6 Steps to Implement a Cultural Change for Profits — If your company is lacking in teamwork, morale is poor and profits are weak, chances are you need to change your organization’s culture.

No one so thoroughly appreciates the value of constructive criticism as the one who is giving it.


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Author Terry Corbell has written innumerable online business-enhancement articles, and is a business-performance consultant and profit professional. Click here to see his management services. For a complimentary chat about your business situation or to schedule him as a speaker, consultant or author, please contact Terry.





Photo courtesy of podpad at www.freedigitalphotos.net

5 Free Tools to Operate, Market Your Business



Are you on a really tight budget as you run and market your business? 

Ordinarily, I’m big on appearances – creating professional first impressions. But some free tools can suffice well. 

bc stockimages at www.freedigitalphotos.netWhether you’re a startup or established company needing services that work well but your budget is tight, you might wish to consider five free tools: 

– Organization of tasks

– Email newsletters

– Manage your social media

– Spy on your competitors

– Distribute Internet press releases 

Yes, the services also offer paid plans with bells and whistles without the companies’ logos.

But the free services are easy-to-use and work well. 

Here are five tools: 

1. Wunderlist, www.wunderlist.com, can help you get organized in every phase. You can create separate lists, and within your lists you can prioritize your responsibilities. You can use it just about anywhere on your Android, iPad, iPhone, Mac and PC. What’s more, you can share your lists with anyone.

This also means you can see how your employees are prioritizing their work, and get valuable input from your mentor.

2. Mailchimp, www.mailchimp.com, is an e-mail sender. Moreover, you can customize your approach with MailChimp’s designs, and get a simple analysis of your customers. You can leverage your social media, too.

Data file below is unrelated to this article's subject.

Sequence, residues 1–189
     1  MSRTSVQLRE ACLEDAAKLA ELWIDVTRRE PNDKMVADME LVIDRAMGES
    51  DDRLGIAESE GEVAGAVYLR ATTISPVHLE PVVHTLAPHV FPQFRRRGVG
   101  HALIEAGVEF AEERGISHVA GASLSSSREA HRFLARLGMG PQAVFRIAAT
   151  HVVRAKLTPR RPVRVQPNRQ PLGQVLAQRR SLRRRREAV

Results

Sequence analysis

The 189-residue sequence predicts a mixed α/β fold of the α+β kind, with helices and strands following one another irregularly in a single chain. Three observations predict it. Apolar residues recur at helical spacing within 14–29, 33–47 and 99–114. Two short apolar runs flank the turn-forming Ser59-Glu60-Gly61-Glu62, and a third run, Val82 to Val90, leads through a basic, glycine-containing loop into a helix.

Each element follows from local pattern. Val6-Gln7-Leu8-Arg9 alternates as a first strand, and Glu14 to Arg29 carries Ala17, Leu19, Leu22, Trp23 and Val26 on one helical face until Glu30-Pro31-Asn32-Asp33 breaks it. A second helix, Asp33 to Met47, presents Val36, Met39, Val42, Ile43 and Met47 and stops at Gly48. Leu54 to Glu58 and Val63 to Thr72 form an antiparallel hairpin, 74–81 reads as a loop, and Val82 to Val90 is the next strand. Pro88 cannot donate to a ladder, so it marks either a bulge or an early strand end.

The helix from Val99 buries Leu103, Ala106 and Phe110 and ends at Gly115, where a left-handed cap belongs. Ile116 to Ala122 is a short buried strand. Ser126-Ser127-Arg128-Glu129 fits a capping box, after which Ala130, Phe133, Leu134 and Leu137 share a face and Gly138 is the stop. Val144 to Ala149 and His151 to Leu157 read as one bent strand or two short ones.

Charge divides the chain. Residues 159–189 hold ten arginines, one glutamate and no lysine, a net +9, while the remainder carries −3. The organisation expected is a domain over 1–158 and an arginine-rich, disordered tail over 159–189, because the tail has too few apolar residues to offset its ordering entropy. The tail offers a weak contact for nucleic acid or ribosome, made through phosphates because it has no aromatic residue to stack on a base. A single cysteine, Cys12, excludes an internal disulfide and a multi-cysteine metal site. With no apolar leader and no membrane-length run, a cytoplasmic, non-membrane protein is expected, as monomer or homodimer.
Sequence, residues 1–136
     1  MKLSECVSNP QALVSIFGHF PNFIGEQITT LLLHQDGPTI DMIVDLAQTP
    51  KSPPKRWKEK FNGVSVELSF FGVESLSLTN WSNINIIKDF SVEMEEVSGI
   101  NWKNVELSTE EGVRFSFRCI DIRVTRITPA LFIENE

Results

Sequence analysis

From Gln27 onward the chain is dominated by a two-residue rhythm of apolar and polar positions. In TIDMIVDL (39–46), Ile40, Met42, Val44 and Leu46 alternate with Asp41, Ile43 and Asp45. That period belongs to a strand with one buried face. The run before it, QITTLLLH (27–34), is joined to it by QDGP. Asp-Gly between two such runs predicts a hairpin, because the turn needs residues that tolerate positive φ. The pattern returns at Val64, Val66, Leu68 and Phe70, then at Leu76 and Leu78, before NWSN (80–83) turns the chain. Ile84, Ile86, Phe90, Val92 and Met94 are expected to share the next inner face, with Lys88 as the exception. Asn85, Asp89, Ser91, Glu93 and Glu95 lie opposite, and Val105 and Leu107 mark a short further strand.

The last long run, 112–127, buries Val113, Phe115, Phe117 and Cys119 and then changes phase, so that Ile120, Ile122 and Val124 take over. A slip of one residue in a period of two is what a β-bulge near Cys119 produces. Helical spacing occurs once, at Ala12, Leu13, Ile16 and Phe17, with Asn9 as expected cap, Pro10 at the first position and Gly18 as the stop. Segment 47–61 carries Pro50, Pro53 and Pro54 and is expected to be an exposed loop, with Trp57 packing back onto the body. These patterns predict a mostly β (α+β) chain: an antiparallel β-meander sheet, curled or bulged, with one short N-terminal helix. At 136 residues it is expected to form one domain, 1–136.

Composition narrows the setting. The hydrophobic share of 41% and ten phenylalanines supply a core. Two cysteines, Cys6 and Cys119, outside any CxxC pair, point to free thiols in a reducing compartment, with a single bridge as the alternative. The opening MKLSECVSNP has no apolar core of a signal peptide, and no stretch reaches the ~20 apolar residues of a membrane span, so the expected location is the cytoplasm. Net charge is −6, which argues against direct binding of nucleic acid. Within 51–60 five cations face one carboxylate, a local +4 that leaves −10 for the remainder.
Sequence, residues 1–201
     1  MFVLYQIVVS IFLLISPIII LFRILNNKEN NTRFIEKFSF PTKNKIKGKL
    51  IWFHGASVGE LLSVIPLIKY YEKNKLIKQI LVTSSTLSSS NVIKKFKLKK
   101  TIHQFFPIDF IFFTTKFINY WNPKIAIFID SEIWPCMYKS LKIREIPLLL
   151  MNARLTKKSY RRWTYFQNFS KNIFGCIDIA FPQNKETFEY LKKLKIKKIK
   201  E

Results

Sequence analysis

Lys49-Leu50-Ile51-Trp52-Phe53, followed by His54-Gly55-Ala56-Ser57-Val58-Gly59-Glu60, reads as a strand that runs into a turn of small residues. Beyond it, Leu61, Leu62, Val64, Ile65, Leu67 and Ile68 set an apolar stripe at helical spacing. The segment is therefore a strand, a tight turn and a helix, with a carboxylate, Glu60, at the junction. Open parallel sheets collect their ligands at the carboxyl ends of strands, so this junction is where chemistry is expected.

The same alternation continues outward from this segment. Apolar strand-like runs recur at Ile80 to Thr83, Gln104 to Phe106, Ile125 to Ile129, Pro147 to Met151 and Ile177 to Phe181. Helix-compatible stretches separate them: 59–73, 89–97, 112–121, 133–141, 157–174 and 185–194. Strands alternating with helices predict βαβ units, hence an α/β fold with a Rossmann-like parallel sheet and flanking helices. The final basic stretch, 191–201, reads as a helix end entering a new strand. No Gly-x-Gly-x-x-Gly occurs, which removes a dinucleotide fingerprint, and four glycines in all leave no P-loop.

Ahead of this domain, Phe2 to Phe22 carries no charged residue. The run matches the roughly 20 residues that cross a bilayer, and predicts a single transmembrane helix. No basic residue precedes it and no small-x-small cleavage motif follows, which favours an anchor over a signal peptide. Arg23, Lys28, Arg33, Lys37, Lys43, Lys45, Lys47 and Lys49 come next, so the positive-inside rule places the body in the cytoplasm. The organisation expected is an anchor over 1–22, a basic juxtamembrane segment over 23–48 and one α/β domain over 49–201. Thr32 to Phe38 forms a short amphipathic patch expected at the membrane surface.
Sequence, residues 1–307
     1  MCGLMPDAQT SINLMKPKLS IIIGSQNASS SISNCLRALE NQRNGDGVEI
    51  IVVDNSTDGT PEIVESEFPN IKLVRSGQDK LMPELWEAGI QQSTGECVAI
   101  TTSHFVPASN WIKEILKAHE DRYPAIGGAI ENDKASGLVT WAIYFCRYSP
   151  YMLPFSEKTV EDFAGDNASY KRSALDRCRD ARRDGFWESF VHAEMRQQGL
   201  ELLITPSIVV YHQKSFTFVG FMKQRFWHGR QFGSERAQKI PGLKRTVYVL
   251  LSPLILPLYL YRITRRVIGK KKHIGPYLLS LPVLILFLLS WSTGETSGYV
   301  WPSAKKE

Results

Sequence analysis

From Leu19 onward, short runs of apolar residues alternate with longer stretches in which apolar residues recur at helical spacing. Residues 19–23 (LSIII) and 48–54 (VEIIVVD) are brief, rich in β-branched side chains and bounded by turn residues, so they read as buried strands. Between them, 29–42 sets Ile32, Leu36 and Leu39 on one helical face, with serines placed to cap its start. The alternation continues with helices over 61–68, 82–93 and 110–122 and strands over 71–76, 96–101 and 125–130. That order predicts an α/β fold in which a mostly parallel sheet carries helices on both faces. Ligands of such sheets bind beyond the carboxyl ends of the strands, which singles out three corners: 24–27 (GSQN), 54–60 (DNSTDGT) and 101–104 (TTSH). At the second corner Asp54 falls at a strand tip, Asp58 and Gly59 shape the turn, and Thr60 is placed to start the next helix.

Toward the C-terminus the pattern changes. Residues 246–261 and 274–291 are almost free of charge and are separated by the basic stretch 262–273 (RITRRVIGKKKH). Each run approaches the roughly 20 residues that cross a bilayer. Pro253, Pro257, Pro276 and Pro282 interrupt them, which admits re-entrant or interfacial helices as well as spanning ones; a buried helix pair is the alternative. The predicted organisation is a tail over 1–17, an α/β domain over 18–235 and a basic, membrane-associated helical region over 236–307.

“With MailChimp’s Forever Free” plan, you can send 12,000 emails a month to a list of up to 2,000 subscribers, but there are a few features that are only available to users with paid accounts,” according to Mailchimp’s Web site.

3. Hootsuite, www.hootsuite.com, will help you with your social networking. Hootsuite will build, monitor, engage and analyze your social activities.

4 KeywordSpy, www.keywordspy.com, will check out your competitors on their use of key words in marketing their Web sites. This will give you ideas on search engine marketing and optimization. It helps to eliminate the guessing on keywords.

5. PRlog, www.prlog.org, is a search engine press release service that will distribute your messages online and will provide an authoritative link to your site. You can designate categories and key words. You can insert your logo and picture. In your press release, you can insert as many as three links to your site.

PRlog.org will display your contact information and business profile, and provides an online pressroom of your releases. Almost immediately, your press releases are published on Bing News. It’s also respected by Google. For a nominal charge, PRLog.org provides a premium service. (Note: This portal has benefitted from PRlog.org as a search-engine optimization tool.) 

From the Coach’s Corner, here are more resource links: 

Checklist: 14 Strategies to Rock on Google —  Periodic changes in Google’s search criteria and algorithms have indeed hurt many Web sites. But it’s possible to bullet-proof your site’s prominence on Google by taking 14 precautions, which is worth your time and energy. Google has perennially owned about a 66 percent search-market share in the U.S. and a 90 percent share worldwide.

Why B2B Marketers Like Content Marketing – Study — B2B marketers ostensibly get a satisfying return on content marketing because that’s the preferred choice for 82 percent of respondents in a survey. Content Marketing is now a more popular marketing tactic than search marketing, public relations, events, or print/TV/radio advertising,” wrote the study’s authors.

Best Practices to Manage Your Global Brand, Web Reputation — As you no doubt know, the digital age has brought new challenges and opportunities. Best practices are critical in order to maximize your Web presence and to manage your online reputation.

Need PR, But No Budget? How to Leverage News Media — Social media is OK for promotion. But for blockbuster publicity, play a marketing trump card. Here are do-it-yourself tips for public relations.

Are You Hungry for Marketing Ideas to Expand Your E-mail List? — If you’re a WordPress blogger, you know it’s easy to compile an e-mail list. You’ve got ready built-in resources for signups to your feed/atom or feed/RSS on your site. It’s a fairly simple process but it’s not so easy with a standard Web site.